Uncertain survival

The Intensive Care Unit (ICU) is a place of uncertainty, where life-saving treatment is provided to those who are critically ill. The lives of ICU patients, and those close to them, can change dramatically in an instant. While ICUs are the sites of great successes of modern-day medicine; they can also be places of significant loss.

On this page, you can read personal accounts of:

  • Becoming aware of their critical situation
  • Conversations about ‘ceilings of treatment’
  • Emotions after witnessing other patients’ deaths

Please be aware that what people share on this page may be upsetting to hear and read.

Becoming aware of the critical nature of the situation

Family and friends are faced with great uncertainty when they have a loved one in intensive care (see also ‘Family and Friends’ ICU experiences/Uncertainty’). The Covid-19 (Covid) pandemic amplified some aspects of these experiences. The visiting restrictions kept loved ones physically separated, unable to be at their relative’s side, unless they were hospital staff or invited to the ICU for end-of-life visits.

For patients ICU was a frightening and isolated environment. Emma said: “ICU felt very intense, very intense, and the ward felt really… let’s breathe… I felt like I could breathe better. …Where in ICU I felt really like ‘anxiousy’, …as soon as I got into that ward… I just felt really scared and very lonely. But I just felt like I could be scared, whereas up in ICU I was too scared to be scared, whereas I could be scared down there, and I could sit there and cry.”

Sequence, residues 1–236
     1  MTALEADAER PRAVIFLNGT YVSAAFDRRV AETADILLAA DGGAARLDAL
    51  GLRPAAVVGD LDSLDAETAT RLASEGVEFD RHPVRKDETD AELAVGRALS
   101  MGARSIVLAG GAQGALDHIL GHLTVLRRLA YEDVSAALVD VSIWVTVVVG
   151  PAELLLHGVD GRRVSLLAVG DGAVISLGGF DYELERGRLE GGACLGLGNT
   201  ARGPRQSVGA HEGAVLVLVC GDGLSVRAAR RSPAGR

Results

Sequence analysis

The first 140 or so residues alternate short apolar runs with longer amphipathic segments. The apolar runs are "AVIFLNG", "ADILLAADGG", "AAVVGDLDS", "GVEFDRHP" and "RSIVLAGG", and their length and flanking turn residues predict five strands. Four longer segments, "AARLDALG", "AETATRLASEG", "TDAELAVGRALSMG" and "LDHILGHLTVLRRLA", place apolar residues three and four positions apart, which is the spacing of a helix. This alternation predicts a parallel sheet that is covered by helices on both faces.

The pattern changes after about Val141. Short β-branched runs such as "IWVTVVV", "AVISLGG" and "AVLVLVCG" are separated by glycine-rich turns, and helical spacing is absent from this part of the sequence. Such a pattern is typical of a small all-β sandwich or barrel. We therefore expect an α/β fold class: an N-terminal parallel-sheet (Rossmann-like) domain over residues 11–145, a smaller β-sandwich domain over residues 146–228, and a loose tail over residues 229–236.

George was afraid that something would happen to the machines his life depended on.

When family members were unable to be in hospital, updates from doctors and nurses were delivered by phone (see also ‘Staying in touch during the visitor ban’, ‘Communication between clinical staff and family members’ and ‘A Doctor Speaks‘). This was a clear change from standard ICU practice, when clinicians would always try to speak to family members face-to-face which would allow a relationship and a sense of trust to be established.

When family members are allowed into the ICU, they can support by the bedside and hear updates directly from staff. During the Covid-19 visitor ban, all of this fell away. Unable to see signs of changes themselves, some family members described how they paid particular attention to what clinicians did and did not say on the phone, picking up on signs of progress or their absence.

Paula noticed that doctors never said that Victor was “stable”. At the same time, he was not ‘unwell enough’ to warrant an end-of-life visit.

Breaking bad news now had to be done over the phone. The clinicians who called family members had mostly never met in person before; this was a source of distress for family members and staff alike. Many recounted that they or their partner or other family members had received a phone call from a doctor to tell them their loved ones may not survive.

Ann’s husband came to ICU for three end-of-life visits when her chances of survival were slim.

News that a loved one may not survive was incredibly difficult to hear. It stirred up a lot of emotions and questions on whether and how best to tell others. When Kate learnt her husband might need to be intubated (a breathing tube put down the patient’s throat) – an intervention he may or may not wake up from – she went through what she described as ‘anticipatory grief’ (a term for grief that can be felt before, rather than following death of a loved one*). She found herself trying to protect their children from unnecessary worry.